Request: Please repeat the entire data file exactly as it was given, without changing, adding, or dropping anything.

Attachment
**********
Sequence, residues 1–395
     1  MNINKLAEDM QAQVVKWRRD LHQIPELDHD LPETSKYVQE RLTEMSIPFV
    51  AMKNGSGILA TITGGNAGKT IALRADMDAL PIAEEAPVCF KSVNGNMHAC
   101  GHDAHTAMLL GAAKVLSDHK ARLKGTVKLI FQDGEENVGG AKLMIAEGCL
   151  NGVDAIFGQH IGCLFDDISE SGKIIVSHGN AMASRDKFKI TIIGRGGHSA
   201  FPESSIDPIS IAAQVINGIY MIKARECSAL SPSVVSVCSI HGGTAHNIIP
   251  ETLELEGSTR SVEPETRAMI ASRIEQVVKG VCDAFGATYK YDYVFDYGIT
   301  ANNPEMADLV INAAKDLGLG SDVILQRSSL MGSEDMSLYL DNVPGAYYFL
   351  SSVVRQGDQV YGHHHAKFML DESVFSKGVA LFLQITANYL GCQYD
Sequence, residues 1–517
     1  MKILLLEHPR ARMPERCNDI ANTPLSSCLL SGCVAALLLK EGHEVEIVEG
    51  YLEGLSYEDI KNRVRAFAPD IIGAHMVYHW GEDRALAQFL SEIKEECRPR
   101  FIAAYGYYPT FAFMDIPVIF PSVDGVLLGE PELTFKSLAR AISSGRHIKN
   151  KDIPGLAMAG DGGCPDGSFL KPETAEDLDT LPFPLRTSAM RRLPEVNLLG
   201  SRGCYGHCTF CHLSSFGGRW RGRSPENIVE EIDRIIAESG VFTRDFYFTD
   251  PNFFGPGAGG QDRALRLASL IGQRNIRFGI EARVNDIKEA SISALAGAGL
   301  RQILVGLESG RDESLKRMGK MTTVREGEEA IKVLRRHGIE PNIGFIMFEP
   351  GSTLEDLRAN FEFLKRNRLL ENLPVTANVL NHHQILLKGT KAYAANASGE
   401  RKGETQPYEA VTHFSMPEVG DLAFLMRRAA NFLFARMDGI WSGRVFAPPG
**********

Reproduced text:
Sequence, residues 1–395
     1  MNINKLAEDM QAQVVKWRRD LHQIPELDHD LPETSKYVQE RLTEMSIPFV
    51  AMKNGSGILA TITGGNAGKT IALRADMDAL PIAEEAPVCF KSVNGNMHAC
   101  GHDAHTAMLL GAAKVLSDHK ARLKGTVKLI FQDGEENVGG AKLMIAEGCL
   151  NGVDAIFGQH IGCLFDDISE SGKIIVSHGN AMASRDKFKI TIIGRGGHSA
   201  FPESSIDPIS IAAQVINGIY MIKARECSAL SPSVVSVCSI HGGTAHNIIP
   251  ETLELEGSTR SVEPETRAMI ASRIEQVVKG VCDAFGATYK YDYVFDYGIT
   301  ANNPEMADLV INAAKDLGLG SDVILQRSSL MGSEDMSLYL DNVPGAYYFL
   351  SSVVRQGDQV YGHHHAKFML DESVFSKGVA LFLQITANYL GCQYD
Sequence, residues 1–517
     1  MKILLLEHPR ARMPERCNDI ANTPLSSCLL SGCVAALLLK EGHEVEIVEG
    51  YLEGLSYEDI KNRVRAFAPD IIGAHMVYHW GEDRALAQFL SEIKEECRPR
   101  FIAAYGYYPT FAFMDIPVIF PSVDGVLLGE PELTFKSLAR AISSGRHIKN
   151  KDIPGLAMAG DGGCPDGSFL KPETAEDLDT LPFPLRTSAM RRLPEVNLLG
   201  SRGCYGHCTF CHLSSFGGRW RGRSPENIVE EIDRIIAESG VFTRDFYFTD
   251  PNFFGPGAGG QDRALRLASL IGQRNIRFGI EARVNDIKEA SISALAGAGL
   301  RQILVGLESG RDESLKRMGK MTTVREGEEA IKVLRRHGIE PNIGFIMFEP
   351  GSTLEDLRAN FEFLKRNRLL ENLPVTANVL NHHQILLKGT KAYAANASGE
   401  RKGETQPYEA VTHFSMPEVG DLAFLMRRAA NFLFARMDGI WSGRVFAPPG